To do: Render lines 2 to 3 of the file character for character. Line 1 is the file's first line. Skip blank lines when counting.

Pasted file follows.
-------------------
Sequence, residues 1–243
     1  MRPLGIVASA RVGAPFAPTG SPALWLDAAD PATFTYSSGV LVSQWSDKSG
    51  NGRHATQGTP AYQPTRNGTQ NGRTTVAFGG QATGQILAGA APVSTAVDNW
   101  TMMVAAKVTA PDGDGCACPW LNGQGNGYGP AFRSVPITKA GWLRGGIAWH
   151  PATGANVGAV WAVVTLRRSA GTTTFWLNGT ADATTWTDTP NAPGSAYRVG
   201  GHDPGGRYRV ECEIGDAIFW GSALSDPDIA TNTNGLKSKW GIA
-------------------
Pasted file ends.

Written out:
     1  MRPLGIVASA RVGAPFAPTG SPALWLDAAD PATFTYSSGV LVSQWSDKSG
    51  NGRHATQGTP AYQPTRNGTQ NGRTTVAFGG QATGQILAGA APVSTAVDNW